Gandalf and Aragorn try to convince Theoden that he must fight for his kingdom before it is lost for good, but the king will not. Instead, he orders a retreat to the mountain fortress of Helm’s Deep. Gandalf rides off to find Eomer’s host while the rest of the heroes stay to help Theoden’s people. Aragorn and the king’s niece, Eowyn, form a connection; she’s intrigued by him.
Frodo and Sam are still following Gollum. Here we come to one of my favorite scenes, where Gollum and Smeagol argue about what to do with the hobbits. Smeagol (the “good” side) actually wins and “banishes” his Gollum personality with the classic line, “Leave now and never come back!” It appears as if Smeagol is turning over a new leaf. Perhaps Frodo can save him.
But then Frodo and Sam are captured by men of Gondor, led by Faramir (Boromir’s brother.) We see right away that while Faramir is brave and strong like his brother, he is also more thoughtful.
Aragorn and company escort the people of Rohan on the road to Helm’s Deep. As a side note, I love that Eowyn, while courageous and strong, is a horrible cook. Her expression when she finds out that Aragorn is more than eighty years old is priceless, though it does nothing to halt her growing infatuation with him.
Aragorn has a flashback about being back in Rivendell with Arwen before this quest began. He doubts the future, but she is confident in him. Then another flashback to Aragorn arguing with her father. Elrond wants Arwen to leave Aragorn and go with her people to the safety of the Undying Lands where she will live forever. Aragorn tries to break it off with Arwen, but she’s not playing that. These memories are broken up by an attack by goblin worg riders. Eowyn is told must stay with the common folk while the soldiers fight, which pisses her off.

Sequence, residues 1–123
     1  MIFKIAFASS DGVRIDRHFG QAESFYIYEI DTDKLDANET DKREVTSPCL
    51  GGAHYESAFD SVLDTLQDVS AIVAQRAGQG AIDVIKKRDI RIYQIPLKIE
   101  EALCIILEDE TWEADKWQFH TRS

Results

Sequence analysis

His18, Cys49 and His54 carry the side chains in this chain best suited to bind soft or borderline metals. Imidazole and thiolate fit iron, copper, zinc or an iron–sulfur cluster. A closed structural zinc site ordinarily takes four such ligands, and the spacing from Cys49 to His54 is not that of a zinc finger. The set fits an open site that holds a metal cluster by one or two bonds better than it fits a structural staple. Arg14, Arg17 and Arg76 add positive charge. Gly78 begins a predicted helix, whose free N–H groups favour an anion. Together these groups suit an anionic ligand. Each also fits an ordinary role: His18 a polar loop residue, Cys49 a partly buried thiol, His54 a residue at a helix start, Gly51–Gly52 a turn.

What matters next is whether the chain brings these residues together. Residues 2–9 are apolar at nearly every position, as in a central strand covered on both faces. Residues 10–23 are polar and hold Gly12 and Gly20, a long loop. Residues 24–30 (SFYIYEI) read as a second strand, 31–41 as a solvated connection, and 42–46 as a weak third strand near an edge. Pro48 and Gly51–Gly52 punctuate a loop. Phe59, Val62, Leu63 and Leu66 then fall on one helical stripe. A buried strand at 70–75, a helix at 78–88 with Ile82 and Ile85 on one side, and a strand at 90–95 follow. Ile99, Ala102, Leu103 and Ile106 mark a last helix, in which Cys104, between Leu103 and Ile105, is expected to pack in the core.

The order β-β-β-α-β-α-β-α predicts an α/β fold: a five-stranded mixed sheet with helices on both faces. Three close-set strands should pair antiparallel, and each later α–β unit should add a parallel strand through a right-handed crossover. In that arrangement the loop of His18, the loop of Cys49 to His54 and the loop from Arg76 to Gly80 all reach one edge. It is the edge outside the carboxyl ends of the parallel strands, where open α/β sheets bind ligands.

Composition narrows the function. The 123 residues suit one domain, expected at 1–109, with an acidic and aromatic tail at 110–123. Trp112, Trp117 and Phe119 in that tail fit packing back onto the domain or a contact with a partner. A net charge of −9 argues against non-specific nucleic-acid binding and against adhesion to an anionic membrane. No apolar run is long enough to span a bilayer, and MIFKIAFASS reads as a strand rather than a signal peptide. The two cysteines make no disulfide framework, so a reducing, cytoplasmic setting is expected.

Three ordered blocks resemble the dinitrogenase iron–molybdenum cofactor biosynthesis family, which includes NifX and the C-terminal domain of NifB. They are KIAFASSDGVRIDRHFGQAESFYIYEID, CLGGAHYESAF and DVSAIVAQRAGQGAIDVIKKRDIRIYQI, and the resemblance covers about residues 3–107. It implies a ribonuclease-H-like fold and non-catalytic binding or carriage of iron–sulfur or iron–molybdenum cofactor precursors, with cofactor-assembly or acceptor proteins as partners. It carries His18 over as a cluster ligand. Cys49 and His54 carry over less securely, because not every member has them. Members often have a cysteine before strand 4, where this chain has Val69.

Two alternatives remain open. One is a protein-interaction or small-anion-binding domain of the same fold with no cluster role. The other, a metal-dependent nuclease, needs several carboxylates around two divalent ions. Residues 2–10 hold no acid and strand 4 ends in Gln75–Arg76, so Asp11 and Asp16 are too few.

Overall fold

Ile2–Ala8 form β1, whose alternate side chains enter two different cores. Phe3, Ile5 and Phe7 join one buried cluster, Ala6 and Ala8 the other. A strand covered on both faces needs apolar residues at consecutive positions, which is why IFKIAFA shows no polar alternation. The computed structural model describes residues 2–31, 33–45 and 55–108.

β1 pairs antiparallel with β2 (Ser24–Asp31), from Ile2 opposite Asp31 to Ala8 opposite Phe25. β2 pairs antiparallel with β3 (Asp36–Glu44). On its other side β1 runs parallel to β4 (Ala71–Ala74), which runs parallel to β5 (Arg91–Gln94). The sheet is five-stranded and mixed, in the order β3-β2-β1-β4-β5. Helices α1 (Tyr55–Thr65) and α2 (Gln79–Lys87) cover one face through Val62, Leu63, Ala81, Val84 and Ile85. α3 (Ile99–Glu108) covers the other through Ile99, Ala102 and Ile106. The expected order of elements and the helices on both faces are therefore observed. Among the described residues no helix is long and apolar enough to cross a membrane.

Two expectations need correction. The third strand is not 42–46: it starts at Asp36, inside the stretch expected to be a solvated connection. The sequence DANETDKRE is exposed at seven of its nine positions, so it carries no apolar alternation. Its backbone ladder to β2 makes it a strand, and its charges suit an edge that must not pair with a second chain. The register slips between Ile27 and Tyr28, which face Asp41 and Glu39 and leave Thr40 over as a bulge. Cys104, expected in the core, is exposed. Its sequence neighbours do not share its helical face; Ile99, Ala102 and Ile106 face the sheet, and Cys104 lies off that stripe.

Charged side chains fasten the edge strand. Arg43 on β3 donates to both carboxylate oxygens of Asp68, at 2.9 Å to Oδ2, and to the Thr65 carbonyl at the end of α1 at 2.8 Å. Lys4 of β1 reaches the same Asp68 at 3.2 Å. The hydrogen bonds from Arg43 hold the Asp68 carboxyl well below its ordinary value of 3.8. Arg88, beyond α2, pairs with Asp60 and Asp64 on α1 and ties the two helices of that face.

Legolas has a moment to shine as he snipes goblins from a mile away and then does a cool horse-mounting maneuver. Gimli and Legolas begin to count their kills in a friendly, slightly pathological contest. Aragorn appears to have fallen to his death over a cliff, although no one goes down to try to find the body.
Saruman’s army advances toward Helm’s Deep.
Back at Rivendell, Elrond convinces Arwen to leave with the elves by reminding her that Aragorn, even if he wins this war, will eventually die and leave her alone. This transitions into Galadriel narrating the recent events in the story, posing the question of whether or not the elves will leave the people of Middle-Earth to their fate.
Faramir interrogates Frodo and Sam and finds out they knew his brother. Faramir knows Boromir is dead, which shocks the hobbits. We get a flashback to the day that Faramir and Boromir liberated the city of Osgiliath. This scene shows what a douche their father is, as he berates Faramir and sends Boromir to Rivendell to claim the Ring for Gondor. This scene gives us more insight into Boromir’s character, explaining why he betrayed the Fellowship. It also explains why Faramir is so stern with the hobbits. Both brothers struggle to live up to their father’s expectations.
The Gondorians find Gollum, and they are about to kill him until Frodo convinces Faramir to spare his life. The Gondorians capture Gollum instead (with Frodo’s help) and beat the crap out of him, triggering a return of his Gollum persona. Sam urges Frodo to put on the Ring and get away, but Frodo knows he can’t — he’s too far gone in the Ring’s embrace. Faramir learns from Gollum that Frodo has the Ring and decides to take the hobbits back to Gondor, to his father.